Composting is a great way to reduce your environmental impact while also creating nutrient-rich soil for your garden. Not only that, but this is a relatively simple process that can be done right in your backyard! In this article, you will learn about the basics of composting and provide some tips for getting started.
Get The Right Bins
You cannot just use any place to do this process, but rather a good bin that will ensure it all goes smoothly. People are always on the lookout for one of the best worm farm composters as it gives them assurance that everything will happen as it should. If you have the space, getting a bin is not difficult, and you can even make your own.
Do some research to see what type of bin will work for you and your family. If you have pets, make sure the bin is not accessible to them as they might end up getting into it and making a mess. You also want to ensure that the location of the bin gets good sunlight so that the worms can do their job properly.
Start The Pile On Bare Earth
It’s always good to do this process on your own as it has many benefits, but it’s important that you don’t shove everything in the bin right away. You should rather start on bare earth, as giving it breathing space will allow the pile to break down more effectively. Starting the pile on bare earth is a great way to get aeration for your compost, which is essential for the process.
If you have too many kitchen scraps or not enough leaves, starting the pile on bare earth can help with that as well. It’s a great way to get things moving if you’re starting from scratch or if you need to add more material to your existing bin. Just be sure to keep an eye on it and turn it regularly so that everything gets decomposed evenly.
Use The Right Natural Materials
There are tons of natural materials you can use for this process that you can find at home. These are the following:
- Coffee grounds
You can also include other organic matter such as:
- Fruit & vegetable scraps
- Manure from herbivores like rabbits, cows, and horses (not from carnivores!)
Mixing up all these will create the perfect compost for your plants. Take advantage of those fallen leaves in the autumn and use them as part of your composting process! You can also ask your local coffee shop if they have any spare coffee grounds. Many are happy to give them away for free.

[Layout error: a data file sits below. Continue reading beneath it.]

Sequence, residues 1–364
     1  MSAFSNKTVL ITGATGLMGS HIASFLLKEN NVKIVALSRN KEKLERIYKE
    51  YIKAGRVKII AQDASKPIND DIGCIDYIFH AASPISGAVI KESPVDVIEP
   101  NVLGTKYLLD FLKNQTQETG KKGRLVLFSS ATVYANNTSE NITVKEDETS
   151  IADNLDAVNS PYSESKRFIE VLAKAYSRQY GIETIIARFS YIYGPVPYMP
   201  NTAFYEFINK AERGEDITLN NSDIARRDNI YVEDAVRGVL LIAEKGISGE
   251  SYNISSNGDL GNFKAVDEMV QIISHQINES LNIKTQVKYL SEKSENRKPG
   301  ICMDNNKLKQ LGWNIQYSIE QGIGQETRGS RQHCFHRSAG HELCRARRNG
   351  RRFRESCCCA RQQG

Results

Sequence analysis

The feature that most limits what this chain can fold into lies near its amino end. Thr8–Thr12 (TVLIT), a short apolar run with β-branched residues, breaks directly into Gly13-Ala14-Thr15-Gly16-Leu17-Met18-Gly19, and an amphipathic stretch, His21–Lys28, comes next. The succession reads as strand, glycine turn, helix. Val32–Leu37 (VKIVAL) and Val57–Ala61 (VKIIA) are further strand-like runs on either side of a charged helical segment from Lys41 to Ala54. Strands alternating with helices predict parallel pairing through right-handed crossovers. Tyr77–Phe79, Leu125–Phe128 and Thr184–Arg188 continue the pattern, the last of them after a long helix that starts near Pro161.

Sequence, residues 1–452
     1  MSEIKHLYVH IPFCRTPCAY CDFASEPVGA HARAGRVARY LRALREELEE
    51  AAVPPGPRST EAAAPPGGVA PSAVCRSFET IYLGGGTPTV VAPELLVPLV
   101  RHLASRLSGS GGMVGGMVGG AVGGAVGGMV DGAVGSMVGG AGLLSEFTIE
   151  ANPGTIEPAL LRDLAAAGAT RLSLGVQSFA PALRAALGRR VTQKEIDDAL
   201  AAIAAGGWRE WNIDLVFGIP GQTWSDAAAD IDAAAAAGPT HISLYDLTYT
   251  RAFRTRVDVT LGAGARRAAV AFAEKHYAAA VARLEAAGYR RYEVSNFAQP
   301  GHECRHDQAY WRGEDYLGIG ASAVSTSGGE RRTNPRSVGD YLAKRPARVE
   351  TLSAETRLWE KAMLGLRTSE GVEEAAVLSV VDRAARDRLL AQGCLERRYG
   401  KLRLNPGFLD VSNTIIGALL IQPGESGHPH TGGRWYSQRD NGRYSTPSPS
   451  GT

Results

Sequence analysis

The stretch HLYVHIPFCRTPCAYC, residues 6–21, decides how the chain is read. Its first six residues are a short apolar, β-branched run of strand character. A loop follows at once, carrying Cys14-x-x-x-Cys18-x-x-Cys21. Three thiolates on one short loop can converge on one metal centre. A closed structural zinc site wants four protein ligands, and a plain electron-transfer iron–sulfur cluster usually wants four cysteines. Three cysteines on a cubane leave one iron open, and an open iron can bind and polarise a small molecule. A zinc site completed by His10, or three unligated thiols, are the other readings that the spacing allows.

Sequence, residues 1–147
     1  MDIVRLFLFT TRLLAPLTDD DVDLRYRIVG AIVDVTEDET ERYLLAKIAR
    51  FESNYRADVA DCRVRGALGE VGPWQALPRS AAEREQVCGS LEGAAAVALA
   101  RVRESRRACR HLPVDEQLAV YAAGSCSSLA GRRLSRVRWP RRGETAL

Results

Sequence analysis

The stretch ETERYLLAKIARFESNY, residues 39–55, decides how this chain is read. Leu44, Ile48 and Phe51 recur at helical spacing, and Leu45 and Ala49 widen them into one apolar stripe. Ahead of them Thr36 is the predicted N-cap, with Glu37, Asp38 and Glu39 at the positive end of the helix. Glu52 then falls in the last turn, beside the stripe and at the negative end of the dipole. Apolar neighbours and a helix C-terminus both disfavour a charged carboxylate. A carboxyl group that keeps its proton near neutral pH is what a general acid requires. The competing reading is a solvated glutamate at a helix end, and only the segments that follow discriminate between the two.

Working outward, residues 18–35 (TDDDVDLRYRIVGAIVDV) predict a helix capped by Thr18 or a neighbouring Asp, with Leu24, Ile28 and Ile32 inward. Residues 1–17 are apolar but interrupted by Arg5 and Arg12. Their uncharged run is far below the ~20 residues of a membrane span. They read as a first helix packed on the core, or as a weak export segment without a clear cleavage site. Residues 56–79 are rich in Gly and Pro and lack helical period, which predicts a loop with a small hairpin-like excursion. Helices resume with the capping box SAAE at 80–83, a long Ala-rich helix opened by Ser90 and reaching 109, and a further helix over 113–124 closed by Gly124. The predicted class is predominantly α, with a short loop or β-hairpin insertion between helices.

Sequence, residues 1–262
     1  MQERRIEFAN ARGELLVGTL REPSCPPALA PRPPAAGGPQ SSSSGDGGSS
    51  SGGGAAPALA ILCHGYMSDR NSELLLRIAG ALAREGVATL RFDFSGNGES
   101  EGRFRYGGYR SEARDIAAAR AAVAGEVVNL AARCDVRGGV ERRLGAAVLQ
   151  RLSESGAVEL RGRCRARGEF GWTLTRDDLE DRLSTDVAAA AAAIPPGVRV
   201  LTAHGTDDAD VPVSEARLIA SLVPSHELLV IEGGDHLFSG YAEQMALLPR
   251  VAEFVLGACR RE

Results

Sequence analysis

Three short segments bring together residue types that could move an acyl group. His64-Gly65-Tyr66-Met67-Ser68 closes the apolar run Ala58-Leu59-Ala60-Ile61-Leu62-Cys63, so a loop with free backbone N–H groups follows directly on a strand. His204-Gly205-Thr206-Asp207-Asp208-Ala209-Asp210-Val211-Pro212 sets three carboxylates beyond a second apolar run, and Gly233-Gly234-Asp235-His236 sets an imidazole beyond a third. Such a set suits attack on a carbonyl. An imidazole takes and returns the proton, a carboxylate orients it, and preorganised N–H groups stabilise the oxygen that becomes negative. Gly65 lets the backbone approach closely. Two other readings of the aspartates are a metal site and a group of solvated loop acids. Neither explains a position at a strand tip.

Place The Materials In Layers
Don’t throw everything on the pile at once, but rather, layer the organic materials. This way, you’re more likely to get compost that’s uniform in texture and rich in nutrients. The first layer should be made up of larger, coarser items like twigs and branches.
The second layer can be smaller pieces of wood, leaves, and grass clippings. The third layer is where you’ll add your kitchen scraps like vegetable peels, eggshells, and coffee grounds.
Mix these ingredients together as you add them to the pile to ensure they break down evenly.
Balance Nitrogen And Carbon
Having the right amount of green and brown matter is the key to balancing nitrogen and carbon in your compost pile as it will later help you grow all the trees and plants you want. You need more of the former (green leaves, grass clippings, fruit and vegetable scraps) than the latter (branches, twigs, straw, paper), which is about three or four parts green to one part brown.
The ratio is important because too much carbon will make your pile dry out and smell bad, while too much nitrogen will make it soggy and smelly. Get the balance right, though, and you’ll have sweet-smelling compost in no time.
Protect The Pile
Your compost pile will attract pests and animals if it’s not protected. To keep critters out, enclose your pile with wire mesh or build a box around it. You can also cover the top of the pile with a tarp or piece of wood to deter animals from getting in.
Another way to protect your compost pile is to layer it. Put heavy, dense materials like branches and twigs at the bottom of the pile, and then add lighter materials like leaves and grass clippings on top. This will help keep the air circulating and prevent pests from getting in.
For example, if you have a small compost pile, you can put a layer of straw or leaves on the bottom, followed by a layer of grass clippings, and then a layer of fruit and vegetable scraps.
Keep It Moisturized At All Time
You’ll need a lot of water to make compost at home, and keeping it moisturized is a key step. One way to do this is to layer your materials. Start with a layer of moist leaves or grass, then add some kitchen scraps, followed by another layer of moist leaves or grass. Be sure to keep the layers moist as you add them. You can also add water every few days to keep the compost moist.
If you live in an area with high humidity, you may not need to water your compost as often. Just be sure to check it regularly and add water if the top layer starts to dry out.
Don’t expect your compost to magically happen overnight. Depending on the size of your compost pile, it can take anywhere from two months to two years for your materials to break down into rich compost.
Stay patient and take good care of your compost pile, and eventually, you’ll be rewarded with nutrient-rich compost for your garden. If you rush the process, you may end up with a smelly mess.
Composting is a great way to reduce waste, save money, and create a fantastic environment for your plants to grow, but you do need the right bin to start with. Make sure to start the pile on bare earth instead of the bin and use the right natural materials. Place them in layers rather than all at once and balance out nitrogen and carbon. Make sure to think of methods of protecting your compost pile and keep it moisturized at all times. Finally, don’t expect fast results, and be patient to have the best pile you can get out of this process. Your garden will be thankful for it!